1 O Lord, our Sovereign, how majestic is your name in all the earth! You have set your glory above the heavens.
2 Out of the mouths of babes and infants you have founded a bulwark because of your foes, to silence the enemy and the avenger.
3 When I look at your heavens, the work of your fingers, the moon and the stars that you have established;
4 what are human beings that you are mindful of them, mortals that you care for them?
5 Yet you have made them a little lower than God, and crowned them with glory and honor.
6 You have given them dominion over the works of your hands; you have put all things under their feet,
7 all sheep and oxen, and also the beasts of the field,
8 the birds of the air, and the fish of the sea, whatever passes along the paths of the seas.
9 O Lord, our Sovereign, how majestic is your name in all the earth!Psalm 8 (NRSV)
Early this year, I began tending full time to an organic market garden in rural North Carolina, where I grow an array of fruits, vegetables, herbs, and flowers. A substantial part of my time each week is spent working the earth: building beds, studying the soil, and experimenting with ways to increase yield and deter pests without herbicides, pesticides, or synthetic fertilizers.
In another experiment that has unfolded alongside my agricultural work, I have begun praying the Benedictine daily office, a practice that involves reciting dozens of psalms each week. Like the first, this experiment has involved a steady stream of joys and frustrations, occasioning various discomforts, one of which is a forced and uneasy intimacy with some uncomfortable psalms.
Several of the psalms bring obvious difficulties (Psalms 109 and 137 come immediately to mind). But one that has surprised me in the discomfort it provokes is Psalm 8. Amidst its lyrical beauty and expression of wonder is an exultant tone about humanity that sometimes rings with a harsh dissonance against the backdrop of the current climate crisis.
The psalm’s tenor – underscored by the repeated exclamation with which it both begins and ends – is one of delight, astonishment, and gratitude. The psalmist expresses delight at the wonders of creation, astonishment at humanity’s unique status within it, and finally gratitude towards the Lord who arranged this marvelous state and who is to be praised for it.
Framing this celebration of humanity’s place in the cosmos is a particular vision of the created order. This vision dictates the psalm’s remarkable spatial structure, which is evident even in English translation. It depicts a hierarchical vision of the cosmos, stretching down from the heavens to the earth. Here, the heavens occupy creation’s apex, while the Lord’s glory stands above them (8:1).
Next in this hierarchical taxonomy come the heavens and their inhabitants, the moon and stars, upon which the psalmist gazes in wonder. Further down this chain of creation, stretching from the heavenly to the earthly, stands the human being. Upon beholding the glory of the night sky, the psalmist reflects on this amphibious creature that straddles the celestial and the mundane: “What are human beings that you are mindful of them, mortals that you care for them?” As Marilynne Robinson keenly notes, “A question is more spacious than a statement, far better suited to expressing wonder” (240). Yet the psalmist follows this question with a positive declaration: “You have made them a little lower than God, and crowned them with glory and honor. You have given them dominion over the works of your hands; you have put all things under their feet” (8:5–6).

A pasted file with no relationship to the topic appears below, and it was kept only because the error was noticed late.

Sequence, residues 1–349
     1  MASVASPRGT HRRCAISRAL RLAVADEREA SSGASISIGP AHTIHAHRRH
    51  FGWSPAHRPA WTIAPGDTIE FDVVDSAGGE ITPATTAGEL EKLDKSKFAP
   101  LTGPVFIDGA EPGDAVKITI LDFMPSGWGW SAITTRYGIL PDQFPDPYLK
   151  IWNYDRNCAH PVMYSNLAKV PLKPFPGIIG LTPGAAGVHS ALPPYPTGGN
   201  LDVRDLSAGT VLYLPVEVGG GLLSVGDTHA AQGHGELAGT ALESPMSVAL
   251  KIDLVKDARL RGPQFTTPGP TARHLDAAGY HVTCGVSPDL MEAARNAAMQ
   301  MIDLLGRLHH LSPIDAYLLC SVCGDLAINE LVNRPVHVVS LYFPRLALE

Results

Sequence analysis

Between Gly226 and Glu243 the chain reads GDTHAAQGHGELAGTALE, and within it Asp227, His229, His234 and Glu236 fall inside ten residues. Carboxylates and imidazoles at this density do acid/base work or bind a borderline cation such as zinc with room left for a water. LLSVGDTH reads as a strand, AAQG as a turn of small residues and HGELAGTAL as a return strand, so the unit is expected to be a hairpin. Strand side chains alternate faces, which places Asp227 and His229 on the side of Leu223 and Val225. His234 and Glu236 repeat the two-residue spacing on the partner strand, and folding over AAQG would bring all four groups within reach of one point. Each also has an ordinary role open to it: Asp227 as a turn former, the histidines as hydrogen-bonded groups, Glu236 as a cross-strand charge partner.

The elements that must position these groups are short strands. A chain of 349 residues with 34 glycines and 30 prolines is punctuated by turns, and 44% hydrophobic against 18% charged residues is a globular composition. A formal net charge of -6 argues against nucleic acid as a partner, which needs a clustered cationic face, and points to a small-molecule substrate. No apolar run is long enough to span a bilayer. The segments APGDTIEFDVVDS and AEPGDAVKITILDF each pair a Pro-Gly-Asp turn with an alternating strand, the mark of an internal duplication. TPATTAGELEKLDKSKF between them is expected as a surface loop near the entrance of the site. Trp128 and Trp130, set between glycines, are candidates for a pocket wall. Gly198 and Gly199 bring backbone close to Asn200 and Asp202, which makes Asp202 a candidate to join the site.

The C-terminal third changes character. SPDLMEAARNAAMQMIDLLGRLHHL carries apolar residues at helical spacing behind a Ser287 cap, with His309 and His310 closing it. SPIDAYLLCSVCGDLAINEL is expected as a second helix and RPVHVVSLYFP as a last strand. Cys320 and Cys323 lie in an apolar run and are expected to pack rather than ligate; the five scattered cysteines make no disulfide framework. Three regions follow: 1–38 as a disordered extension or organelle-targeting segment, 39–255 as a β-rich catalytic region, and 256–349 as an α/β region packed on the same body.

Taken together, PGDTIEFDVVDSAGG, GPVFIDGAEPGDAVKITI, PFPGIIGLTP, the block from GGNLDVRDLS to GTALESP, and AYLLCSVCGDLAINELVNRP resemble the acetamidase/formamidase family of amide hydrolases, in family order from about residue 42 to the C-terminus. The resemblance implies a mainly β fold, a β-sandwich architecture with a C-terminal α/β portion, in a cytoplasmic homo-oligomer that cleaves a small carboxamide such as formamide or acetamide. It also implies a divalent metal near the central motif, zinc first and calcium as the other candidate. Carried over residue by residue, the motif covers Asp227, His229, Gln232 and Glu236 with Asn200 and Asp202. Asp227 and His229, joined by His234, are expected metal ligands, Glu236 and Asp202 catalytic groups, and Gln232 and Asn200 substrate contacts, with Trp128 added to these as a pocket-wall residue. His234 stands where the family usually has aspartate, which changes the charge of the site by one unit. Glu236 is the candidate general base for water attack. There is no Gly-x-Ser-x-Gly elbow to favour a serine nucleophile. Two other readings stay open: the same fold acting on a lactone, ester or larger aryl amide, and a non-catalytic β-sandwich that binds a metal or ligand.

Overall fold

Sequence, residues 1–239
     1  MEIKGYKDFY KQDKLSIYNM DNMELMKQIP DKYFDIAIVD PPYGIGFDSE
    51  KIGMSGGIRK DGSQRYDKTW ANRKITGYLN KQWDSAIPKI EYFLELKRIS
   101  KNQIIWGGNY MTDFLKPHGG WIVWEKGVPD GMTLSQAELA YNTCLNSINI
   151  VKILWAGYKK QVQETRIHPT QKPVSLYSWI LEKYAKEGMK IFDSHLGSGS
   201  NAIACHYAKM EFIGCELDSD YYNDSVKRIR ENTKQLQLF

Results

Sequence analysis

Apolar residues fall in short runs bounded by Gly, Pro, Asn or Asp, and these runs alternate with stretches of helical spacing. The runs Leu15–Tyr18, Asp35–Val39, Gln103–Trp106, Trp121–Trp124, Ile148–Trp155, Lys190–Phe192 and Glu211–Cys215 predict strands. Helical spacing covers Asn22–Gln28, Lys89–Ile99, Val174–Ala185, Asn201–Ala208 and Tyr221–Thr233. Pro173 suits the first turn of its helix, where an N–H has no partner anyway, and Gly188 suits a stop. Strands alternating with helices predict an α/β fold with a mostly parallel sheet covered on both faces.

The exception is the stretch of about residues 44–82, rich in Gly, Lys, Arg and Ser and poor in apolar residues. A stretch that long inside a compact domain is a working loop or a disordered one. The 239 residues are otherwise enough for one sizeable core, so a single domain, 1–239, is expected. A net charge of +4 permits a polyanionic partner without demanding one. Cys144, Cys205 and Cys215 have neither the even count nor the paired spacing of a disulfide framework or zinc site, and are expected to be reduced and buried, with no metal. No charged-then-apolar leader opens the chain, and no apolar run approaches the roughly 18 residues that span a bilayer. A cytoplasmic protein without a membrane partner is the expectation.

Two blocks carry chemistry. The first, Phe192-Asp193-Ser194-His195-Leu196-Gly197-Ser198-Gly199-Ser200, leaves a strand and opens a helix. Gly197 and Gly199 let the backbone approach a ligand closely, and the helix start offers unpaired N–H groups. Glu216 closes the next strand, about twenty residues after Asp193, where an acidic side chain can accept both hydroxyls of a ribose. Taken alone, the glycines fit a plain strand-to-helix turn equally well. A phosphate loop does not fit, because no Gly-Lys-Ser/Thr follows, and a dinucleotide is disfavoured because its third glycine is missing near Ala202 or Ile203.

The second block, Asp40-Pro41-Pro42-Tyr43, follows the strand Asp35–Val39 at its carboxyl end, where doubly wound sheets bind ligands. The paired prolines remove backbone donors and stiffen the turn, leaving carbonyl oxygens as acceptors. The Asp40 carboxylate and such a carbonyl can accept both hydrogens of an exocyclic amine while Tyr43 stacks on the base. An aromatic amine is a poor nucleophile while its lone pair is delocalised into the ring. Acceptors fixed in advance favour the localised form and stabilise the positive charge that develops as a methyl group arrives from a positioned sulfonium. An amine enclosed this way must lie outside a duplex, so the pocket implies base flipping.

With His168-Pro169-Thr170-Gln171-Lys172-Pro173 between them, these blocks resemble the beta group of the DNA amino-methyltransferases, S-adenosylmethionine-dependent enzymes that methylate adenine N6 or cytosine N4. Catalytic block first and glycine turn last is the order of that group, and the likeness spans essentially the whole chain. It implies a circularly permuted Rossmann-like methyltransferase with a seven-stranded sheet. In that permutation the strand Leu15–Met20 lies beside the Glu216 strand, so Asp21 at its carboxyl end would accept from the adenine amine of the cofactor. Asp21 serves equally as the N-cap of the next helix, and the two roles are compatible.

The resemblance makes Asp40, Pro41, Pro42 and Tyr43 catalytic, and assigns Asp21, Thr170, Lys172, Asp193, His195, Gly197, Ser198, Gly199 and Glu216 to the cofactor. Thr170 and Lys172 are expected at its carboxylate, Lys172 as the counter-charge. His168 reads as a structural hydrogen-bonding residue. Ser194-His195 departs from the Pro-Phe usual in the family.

Here, in this meditation on the human’s peculiar station, lies the crux of the psalm. Though mortal, our species is placed only “a little lower” than the elohim and “crowned” with a “glory and honor” that lies in the human placement above the sheep, oxen, beasts of the field, birds of the air, fish of the sea, and sea creatures, all of which the Lord has given humans dominion over. This causes the psalmist to exclaim, once more, “how majestic is your name in all the earth!”
Despite its rhetorical beauty and reverent attention to the created order, something unsettling lurks within Psalm 8’s hierarchical vision of creation, with the human bearing divine mandate to rule the earth, dominating non-human animals and their habitats, “under our feet.”
It is easy to see this vision as yet another effect of the same prideful anthropocentrism that has brought about the climate catastrophe now underway. We are tempted to dismiss the psalm’s language as ideology in service of a disastrous Anthropocene: God has put all things under our feet, therefore let us brutally subject “all sheep and oxen” in CAFOs and industrial slaughterhouses, let us destroy the habitats of “the beasts of the field” in our endless pursuit of constant economic growth, and let us entangle “the fish of the sea, whatever passes along the paths of the seas” in our microplastics.
In a 1967 essay that became important to the nascent field of environmental ethics, historian Lynn White lamented that, in the dominant theological tradition of the Christian west, God ordained the created order “explicitly for [human] benefit and rule: no item in the physical creation had any purpose save to serve [human] purposes,” making Christianity “the most anthropocentric religion the world has seen” (1205).
Indeed, whenever I read verse 6, I recall a peculiar practice of a family in the fundamentalist church I attended as a child. The mother of my seven-year-old friend had trained him, after they’d finished their meal from McDonalds, to toss all their packaging and plastic utensils out the window of their van while triumphantly shouting, “Genesis 1:28!” His cry evoked, they proudly explained, the passage that Psalm 8 echoes, where the Lord commands the first humans to “fill the earth and subdue it, and have dominion over the fish of the sea and over the birds of the air and over every living thing that moves upon the earth.”